·       Digital Law- basic laws, and consequences, apply online.

Category 2:

Educations and Connection with Others

·       Digital Communication- avoiding online miscommunication.

·       Digital Literacy- technology know-how.

·       Digital Commerce- safe online purchases.

Category 3:

Protect Self and Others

·       Digital Rights and Responsibility- rules must be followed or rights are revoked.

·       Digital Security- protection of personal information.

·       Digital Health and Welfare- balanced online- offline life.

As Ribble & Miller demonstrate above, to use technology well requires much more than just know-how, also known as, digital literacy.  Digital citizenship is a broad, complex topic that spans a variety of different issues.  Questions on how students should develop digital citizenship and who should teach it, has sparked discussion in the digital education world. While responsibility should fall on many fronts, such as society, family, and peers, educational institutions also hold a responsibility to teach moral and ethical values to their students, preparing them for a successful future. The challenge remains, as Ribble & Miller put it:  “How are educational leaders to prepare their students for a digital future when they do not yet fully understand these technologies?” (Ribble & Miller, 2013).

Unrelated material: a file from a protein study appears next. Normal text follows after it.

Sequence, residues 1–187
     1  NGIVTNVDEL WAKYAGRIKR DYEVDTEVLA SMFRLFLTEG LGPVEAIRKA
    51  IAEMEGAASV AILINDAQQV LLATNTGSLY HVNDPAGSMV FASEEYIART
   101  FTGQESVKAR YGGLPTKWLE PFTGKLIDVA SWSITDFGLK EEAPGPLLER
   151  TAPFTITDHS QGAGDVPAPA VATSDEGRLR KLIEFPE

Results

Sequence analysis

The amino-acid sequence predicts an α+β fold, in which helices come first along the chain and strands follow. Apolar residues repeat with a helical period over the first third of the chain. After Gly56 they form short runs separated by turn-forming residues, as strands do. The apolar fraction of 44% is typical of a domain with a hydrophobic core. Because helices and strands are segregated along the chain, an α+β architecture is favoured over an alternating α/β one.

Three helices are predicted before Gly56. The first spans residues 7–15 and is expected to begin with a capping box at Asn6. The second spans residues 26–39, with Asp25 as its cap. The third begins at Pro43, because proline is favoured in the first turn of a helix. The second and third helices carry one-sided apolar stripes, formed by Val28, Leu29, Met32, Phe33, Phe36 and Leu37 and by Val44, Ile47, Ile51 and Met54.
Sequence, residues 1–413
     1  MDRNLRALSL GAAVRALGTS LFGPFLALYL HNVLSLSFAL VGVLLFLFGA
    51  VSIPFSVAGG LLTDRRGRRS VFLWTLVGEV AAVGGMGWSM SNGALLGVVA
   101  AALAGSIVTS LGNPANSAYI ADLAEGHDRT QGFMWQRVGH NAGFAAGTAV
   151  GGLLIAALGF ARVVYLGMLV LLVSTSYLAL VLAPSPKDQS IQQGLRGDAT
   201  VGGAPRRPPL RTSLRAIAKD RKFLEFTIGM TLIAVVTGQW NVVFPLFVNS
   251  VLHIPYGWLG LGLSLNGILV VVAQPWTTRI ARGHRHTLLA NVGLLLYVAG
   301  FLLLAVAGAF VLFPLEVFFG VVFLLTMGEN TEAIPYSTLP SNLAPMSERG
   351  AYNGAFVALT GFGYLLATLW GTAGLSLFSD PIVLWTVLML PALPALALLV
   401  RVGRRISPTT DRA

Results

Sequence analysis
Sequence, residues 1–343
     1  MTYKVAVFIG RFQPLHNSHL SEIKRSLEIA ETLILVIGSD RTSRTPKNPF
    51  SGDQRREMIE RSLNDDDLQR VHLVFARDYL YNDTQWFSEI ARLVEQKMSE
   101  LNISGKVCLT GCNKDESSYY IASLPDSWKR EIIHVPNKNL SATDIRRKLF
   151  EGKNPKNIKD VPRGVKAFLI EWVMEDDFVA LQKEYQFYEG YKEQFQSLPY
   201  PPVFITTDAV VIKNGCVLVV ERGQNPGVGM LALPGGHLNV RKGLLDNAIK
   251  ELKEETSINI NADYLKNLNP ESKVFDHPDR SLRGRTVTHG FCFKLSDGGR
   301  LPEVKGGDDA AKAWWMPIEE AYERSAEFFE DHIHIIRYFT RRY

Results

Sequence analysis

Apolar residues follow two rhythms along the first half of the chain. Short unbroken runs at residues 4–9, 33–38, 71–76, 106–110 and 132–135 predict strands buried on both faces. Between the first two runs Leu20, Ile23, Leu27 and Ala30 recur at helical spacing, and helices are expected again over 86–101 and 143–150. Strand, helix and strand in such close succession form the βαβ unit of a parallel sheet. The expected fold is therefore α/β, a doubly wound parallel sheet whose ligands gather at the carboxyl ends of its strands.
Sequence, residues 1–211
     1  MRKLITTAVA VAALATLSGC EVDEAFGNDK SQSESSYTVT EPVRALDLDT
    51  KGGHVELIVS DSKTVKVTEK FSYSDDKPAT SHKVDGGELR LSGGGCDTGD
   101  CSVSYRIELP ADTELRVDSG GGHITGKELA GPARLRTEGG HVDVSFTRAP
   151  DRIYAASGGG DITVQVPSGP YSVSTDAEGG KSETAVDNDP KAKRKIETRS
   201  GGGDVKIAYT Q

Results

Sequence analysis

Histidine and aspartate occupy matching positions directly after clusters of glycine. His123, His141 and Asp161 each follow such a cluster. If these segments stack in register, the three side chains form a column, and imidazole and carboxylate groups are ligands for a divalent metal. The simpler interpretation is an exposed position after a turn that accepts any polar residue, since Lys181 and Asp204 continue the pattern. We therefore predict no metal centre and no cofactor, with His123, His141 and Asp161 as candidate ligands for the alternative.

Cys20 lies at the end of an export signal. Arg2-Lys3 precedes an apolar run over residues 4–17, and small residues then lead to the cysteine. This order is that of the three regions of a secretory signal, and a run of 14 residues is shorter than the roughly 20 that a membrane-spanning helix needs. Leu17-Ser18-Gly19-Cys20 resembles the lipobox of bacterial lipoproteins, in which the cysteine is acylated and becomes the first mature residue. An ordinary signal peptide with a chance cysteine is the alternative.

The nine elements of digital citizenship offer a guide to educational institutions on how to better prepare their students.  As a higher education professor, my take on digital citizenship is that educational leaders need to look at technology use and requirements through various perspectives such as from faculty, administrators, and the industry. Though I have a somewhat good understanding of how faculty view technology in the classroom, I was curious to know how do administrators feel about technology use and what do specific industries provide as resources for technology in their field?  In preparing for this project, I identified two administrative leaders who could best provide answers to my questions.  Since I teach dietetics, I also sought to understand how the dietetic profession viewed digital citizenship and/or if the profession could provide some best practices as a curriculum guide.

Digital Readiness Interview.